Would it be absurd to run a piece praising John Boehner's leadership on the debt deal when it appears to have failed?
The Wall Street Journal didn't seem to think so. The editorial section of the investor's broadsheet teed up a piece by opinion columnist Kimberley A. Strassel offering a glowing assessment of the House speaker's "week-long struggle to pull his party behind him."
Strassel writes: "By last night, Mr. Boehner was on the precipice of passing the only workable debt plan in town and shifting responsibility for further debt fallout across the aisle."
Only he didn't.
Boehner's plan to raise the debt ceiling while slashing government spending collapsed late Thursday evening after defiant Republicans postponed a vote on the package. As the New York Times noted in its coverage of the negotiations: "Failure to pass the measure would represent a significant defeat for Mr. Boehner, the first-year speaker who has invested significant political capital in trying to get his fractious majority behind the legislation, which had the strong support of the entire leadership team."
But to hear Strassel tell it, Boehner sounds like a martyr:
For weeks, House Republicans had feared their only choice would be between a problematic Boehner-Obama deal or their principles. Many had chosen to risk default in the name of the latter. By outing the White House and pushing a legitimate Republican alternative, Mr. Boehner gave his members a new choice: They could rally behind their leader for a deal that was good (if not perfect), or they could hand victory to President Obama.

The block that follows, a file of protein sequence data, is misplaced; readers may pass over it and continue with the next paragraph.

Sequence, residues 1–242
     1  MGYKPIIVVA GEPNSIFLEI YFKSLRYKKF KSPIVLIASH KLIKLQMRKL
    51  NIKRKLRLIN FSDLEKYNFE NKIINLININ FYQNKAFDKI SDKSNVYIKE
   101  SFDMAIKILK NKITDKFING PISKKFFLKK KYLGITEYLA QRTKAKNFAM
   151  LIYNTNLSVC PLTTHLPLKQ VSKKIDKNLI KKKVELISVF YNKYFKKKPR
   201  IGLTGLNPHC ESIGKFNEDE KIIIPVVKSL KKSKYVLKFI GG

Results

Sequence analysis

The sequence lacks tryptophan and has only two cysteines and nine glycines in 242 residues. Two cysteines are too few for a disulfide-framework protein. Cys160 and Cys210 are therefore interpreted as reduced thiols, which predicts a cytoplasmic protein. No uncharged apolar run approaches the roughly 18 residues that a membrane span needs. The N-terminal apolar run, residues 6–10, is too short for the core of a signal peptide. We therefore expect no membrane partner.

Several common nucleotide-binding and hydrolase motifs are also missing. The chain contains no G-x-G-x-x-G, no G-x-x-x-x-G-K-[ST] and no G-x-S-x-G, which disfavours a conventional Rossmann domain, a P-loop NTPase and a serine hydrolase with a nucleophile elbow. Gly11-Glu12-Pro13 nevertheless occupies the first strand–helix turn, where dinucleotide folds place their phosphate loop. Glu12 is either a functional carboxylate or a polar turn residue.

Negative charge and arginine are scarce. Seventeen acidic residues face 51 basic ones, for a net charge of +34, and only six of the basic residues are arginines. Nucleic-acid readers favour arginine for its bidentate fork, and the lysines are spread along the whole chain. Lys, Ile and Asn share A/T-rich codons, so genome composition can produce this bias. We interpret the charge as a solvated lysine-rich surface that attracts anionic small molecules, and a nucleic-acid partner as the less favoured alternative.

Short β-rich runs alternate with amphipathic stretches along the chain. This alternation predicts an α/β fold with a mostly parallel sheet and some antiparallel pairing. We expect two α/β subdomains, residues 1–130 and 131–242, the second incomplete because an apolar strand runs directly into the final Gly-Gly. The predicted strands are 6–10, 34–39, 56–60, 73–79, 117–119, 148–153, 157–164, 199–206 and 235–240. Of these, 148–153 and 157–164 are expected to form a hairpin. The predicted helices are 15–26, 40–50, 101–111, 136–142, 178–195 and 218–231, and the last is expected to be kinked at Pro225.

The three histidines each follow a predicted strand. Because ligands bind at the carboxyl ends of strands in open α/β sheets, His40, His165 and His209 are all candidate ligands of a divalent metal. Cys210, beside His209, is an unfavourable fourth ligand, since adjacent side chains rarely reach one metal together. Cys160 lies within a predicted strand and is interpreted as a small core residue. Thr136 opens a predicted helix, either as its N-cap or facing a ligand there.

President Obama took it from there. His week of lashing out at the GOP—in a press conference, in a national address, in a veto threat—only clarified the stakes for members and began earning Mr. Boehner standing ovations. The desperate quality of the Democratic attacks confirmed for House Republicans that the speaker was on to something.
The blame, she argues, should fall to the tea-partying conservatives standing in Boehner's way:
By Thursday evening, Mr. Boehner had moved a significant portion of his conference, though he proved unable to net the final few votes. Some remained wedded to their vow to never vote for a debt-ceiling hike. Some, like presidential hopeful Michele Bachmann, continued to insist, ludicrously, that a failed deal wouldn't be a problem. It is an open question if Mr. Boehner could have ever won these votes, no matter how big, deep and dramatic a budget-cutting deal he presented.
What he did do this week is position his party to take credit for a bill that averts a crisis, cuts more spending than any Democrat ever thought possible, and exposes the White House's insincerity on the deficit and economic prosperity. The Republicans who yesterday undermined bill [sic] now bear sole responsibility for whatever political fallout comes next.
Perhaps her argument would be easier to digest had a successful vote transpired. A spokeswoman for the Journal did not immediately respond to a request for comment.
You can read the full piece, "Boehner's Moment of Truth," over at wsj.com.